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Alexandria e-giving business Faith Direct processes $1 billion for the church

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Currently, St. Jude Church is a mere metal skeleton of a building —  but when construction is completed, it promises to be a beautiful cruciform place of worship for the Fredericksburg Catholic community. The nearly 3,000 parishioners have spent more than a decade fundraising for a church of their own, and electronic donations through FaithDirect have played a major role.

Around 40 percent of the money St. Jude collects for their capital campaign comes from online donations, according to business manager Helen Huff. A few years ago, the church used a different company to process contributions, she said, but in 2012 they switched to Faith Direct, which, unlike the other company, took the burden of administration off the church’s small staff. “They're extraordinarily easy to work with,” said Huff of Faith Direct. “They really have helped us.”

The Alexandria-based company has helped hundreds of parishes around the United States achieve their dreams of a new building, gym or repaired air conditioning. As of this year, they’ve processed more than $1 billion for Catholic churches nationwide.

Fifty-two of the Arlington Diocese’s parishes and missions use Faith Direct, said Jeanne Combos, diocesan director of annual appeal programs. That’s around 14,000 households that give $23 million a year in offertory collections.

“It helps people think more sacrificially,” said Combos. “It’s  giving the first of your fruits, and not just what's left over.”

Brian Walsh, a parishioner of Blessed Sacrament Church in Alexandria, started Faith Direct in 2004 after mad searches for his checkbook and the offertory envelope made his family late to church one too many times. He attributes the company's success both to their business model and the growing popularity of electronic money transfer services.

Check usage has declined rapidly, said Walsh, so, people often make a split second Sunday morning decision of how much to give based on the cash they have on hand. Online giving lets parishioners thoughtfully choose how much they want to give weekly and toward second collections. The service also allows parishioners to contribute occasional one-time gifts or toward a capital campaign. With online giving, even when parishioners miss church due to illness or travel, their church receives funds.

For households that use Faith Direct, their giving typically goes up about 30 percent a year, said Walsh. That consistent cash flow is helpful for parishes, especially during the slow summer months and the occasional instances where inclement weather forces pastors to cancel Mass. “Father (John C.) Cregan used to always say that electronic giving essentially gives the parish an extra Mass collection every week,” he said. “We feel we’re helping to solve a critical problem.”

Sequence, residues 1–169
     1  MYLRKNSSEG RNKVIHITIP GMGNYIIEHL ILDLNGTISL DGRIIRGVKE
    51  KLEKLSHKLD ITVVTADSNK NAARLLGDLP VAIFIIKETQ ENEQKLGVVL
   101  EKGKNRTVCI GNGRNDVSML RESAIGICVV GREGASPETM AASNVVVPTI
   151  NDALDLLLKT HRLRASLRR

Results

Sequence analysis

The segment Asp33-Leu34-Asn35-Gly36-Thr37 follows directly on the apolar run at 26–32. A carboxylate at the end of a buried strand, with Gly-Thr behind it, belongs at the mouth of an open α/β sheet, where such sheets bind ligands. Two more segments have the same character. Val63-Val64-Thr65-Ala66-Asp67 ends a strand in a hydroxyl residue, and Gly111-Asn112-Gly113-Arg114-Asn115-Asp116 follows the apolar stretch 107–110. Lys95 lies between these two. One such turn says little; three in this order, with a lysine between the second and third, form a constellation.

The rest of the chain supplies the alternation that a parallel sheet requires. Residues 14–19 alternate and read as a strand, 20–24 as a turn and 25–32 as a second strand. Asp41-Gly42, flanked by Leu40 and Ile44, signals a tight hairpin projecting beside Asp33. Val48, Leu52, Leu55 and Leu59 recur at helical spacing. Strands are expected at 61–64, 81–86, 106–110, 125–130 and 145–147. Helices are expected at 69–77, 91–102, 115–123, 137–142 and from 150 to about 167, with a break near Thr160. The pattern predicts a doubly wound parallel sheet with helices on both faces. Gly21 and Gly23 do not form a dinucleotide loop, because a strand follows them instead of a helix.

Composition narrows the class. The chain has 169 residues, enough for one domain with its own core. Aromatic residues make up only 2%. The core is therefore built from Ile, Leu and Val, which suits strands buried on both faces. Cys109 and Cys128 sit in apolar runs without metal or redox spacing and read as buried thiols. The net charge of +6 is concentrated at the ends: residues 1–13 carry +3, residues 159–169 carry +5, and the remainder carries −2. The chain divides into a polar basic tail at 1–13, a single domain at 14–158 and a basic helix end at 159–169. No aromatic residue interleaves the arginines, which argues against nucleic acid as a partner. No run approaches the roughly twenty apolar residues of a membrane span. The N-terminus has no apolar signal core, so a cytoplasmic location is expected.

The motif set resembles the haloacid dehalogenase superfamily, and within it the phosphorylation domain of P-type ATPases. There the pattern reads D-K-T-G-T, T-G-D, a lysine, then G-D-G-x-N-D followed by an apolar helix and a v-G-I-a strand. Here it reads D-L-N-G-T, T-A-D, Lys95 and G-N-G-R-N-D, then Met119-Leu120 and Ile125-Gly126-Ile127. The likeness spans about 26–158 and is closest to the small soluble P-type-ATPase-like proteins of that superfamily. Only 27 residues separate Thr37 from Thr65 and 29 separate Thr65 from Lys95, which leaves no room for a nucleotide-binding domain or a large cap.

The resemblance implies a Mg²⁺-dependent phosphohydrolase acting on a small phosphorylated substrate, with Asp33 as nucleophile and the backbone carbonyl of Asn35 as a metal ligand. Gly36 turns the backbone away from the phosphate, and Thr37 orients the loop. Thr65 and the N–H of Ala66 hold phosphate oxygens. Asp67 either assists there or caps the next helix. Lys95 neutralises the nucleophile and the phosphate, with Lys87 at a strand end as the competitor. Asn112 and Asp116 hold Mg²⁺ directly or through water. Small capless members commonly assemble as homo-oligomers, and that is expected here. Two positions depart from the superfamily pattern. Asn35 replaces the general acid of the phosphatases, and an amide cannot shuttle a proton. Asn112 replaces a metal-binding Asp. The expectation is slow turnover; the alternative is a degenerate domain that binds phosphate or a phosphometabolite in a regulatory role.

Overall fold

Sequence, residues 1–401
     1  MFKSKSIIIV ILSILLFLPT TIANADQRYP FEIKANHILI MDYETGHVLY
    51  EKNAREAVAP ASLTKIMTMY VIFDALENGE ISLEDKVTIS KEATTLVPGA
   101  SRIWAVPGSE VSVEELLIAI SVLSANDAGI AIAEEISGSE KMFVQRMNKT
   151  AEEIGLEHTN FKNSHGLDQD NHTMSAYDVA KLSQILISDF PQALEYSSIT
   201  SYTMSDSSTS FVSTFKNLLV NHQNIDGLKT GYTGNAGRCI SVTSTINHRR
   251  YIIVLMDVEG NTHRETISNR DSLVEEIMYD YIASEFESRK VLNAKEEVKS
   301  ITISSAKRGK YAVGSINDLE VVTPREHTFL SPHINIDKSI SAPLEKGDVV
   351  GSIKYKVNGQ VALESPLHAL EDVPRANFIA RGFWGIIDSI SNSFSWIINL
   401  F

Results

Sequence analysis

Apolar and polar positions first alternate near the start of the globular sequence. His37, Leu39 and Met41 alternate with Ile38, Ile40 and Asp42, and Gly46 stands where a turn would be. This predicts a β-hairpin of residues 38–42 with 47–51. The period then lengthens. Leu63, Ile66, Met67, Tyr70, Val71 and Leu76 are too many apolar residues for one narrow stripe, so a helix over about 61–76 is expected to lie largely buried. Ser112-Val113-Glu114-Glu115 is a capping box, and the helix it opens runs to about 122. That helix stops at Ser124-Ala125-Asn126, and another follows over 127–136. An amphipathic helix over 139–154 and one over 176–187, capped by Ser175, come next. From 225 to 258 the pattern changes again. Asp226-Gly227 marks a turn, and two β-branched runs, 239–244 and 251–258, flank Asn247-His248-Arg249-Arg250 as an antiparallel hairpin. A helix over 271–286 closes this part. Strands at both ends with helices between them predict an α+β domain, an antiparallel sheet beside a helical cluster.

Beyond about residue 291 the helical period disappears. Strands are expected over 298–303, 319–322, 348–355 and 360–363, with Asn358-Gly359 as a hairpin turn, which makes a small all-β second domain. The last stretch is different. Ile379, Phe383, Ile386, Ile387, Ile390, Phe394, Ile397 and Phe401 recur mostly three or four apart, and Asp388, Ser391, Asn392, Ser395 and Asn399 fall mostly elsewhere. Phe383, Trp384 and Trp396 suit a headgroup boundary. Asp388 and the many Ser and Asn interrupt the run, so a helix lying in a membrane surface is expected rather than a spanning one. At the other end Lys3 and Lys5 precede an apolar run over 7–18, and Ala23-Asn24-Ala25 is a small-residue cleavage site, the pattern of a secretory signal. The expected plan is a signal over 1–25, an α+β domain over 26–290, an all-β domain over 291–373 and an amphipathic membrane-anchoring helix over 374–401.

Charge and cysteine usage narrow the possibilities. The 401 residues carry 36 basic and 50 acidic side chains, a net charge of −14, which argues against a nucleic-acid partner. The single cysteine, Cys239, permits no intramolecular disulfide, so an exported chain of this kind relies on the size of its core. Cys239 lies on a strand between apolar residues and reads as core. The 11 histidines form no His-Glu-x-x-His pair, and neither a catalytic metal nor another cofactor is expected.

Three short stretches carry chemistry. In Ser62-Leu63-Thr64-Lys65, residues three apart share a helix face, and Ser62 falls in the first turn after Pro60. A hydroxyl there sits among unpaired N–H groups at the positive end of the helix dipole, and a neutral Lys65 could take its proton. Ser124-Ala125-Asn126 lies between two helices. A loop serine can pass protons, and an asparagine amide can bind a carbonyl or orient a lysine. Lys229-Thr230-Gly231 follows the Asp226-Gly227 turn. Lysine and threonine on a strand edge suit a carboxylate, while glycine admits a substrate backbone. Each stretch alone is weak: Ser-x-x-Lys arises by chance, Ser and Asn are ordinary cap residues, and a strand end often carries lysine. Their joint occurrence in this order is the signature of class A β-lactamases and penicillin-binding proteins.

There are a dozen major e-giving companies specifically for Catholic churches, but while most other e-giving companies take a percentage of the overall receipts, Faith Direct charges a flat management fee for every household, said Walsh. “When I started the company, it was very important for me to identify a payment structure that was equitable for parishes,” he said. “So as parishes succeed they aren’t penalized (for that growth).”

Faith Direct additionally handles other aspects of the business, such as customer service and security —  ensuring personal banking information stays safe. Through a direct mail and social media campaign, they work with the parish to encourage parishioners to make the switch.

“Parishes realize over time that it’s very hard to manage (online giving) internally,” he said. “(Those that) adopt e-giving the right way, it’s a huge win for consistency, cash flow, elimination of back-end administrative work, elimination of wasted envelopes. We have set strategic goals for every parish we work with.”

Though it’s taken some time for online giving to catch on, Walsh and his employees feel confident about the future. “We're excited about the next couple of years and grateful to be in a diocese that's been so supportive,” he said. 

© Arlington Catholic Herald 2017